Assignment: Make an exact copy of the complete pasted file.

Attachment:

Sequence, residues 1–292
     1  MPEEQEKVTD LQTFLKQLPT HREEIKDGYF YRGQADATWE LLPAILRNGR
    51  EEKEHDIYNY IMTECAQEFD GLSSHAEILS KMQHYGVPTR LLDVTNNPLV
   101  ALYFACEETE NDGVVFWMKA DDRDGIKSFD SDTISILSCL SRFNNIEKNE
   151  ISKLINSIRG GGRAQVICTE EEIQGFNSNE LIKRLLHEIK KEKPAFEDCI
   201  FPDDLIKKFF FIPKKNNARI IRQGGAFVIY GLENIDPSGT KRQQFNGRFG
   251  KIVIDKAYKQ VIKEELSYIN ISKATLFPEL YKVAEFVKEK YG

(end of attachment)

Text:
Sequence, residues 1–292
     1  MPEEQEKVTD LQTFLKQLPT HREEIKDGYF YRGQADATWE LLPAILRNGR
    51  EEKEHDIYNY IMTECAQEFD GLSSHAEILS KMQHYGVPTR LLDVTNNPLV
   101  ALYFACEETE NDGVVFWMKA DDRDGIKSFD SDTISILSCL SRFNNIEKNE
   151  ISKLINSIRG GGRAQVICTE EEIQGFNSNE LIKRLLHEIK KEKPAFEDCI
   201  FPDDLIKKFF FIPKKNNARI IRQGGAFVIY GLENIDPSGT KRQQFNGRFG
   251  KIVIDKAYKQ VIKEELSYIN ISKATLFPEL YKVAEFVKEK YG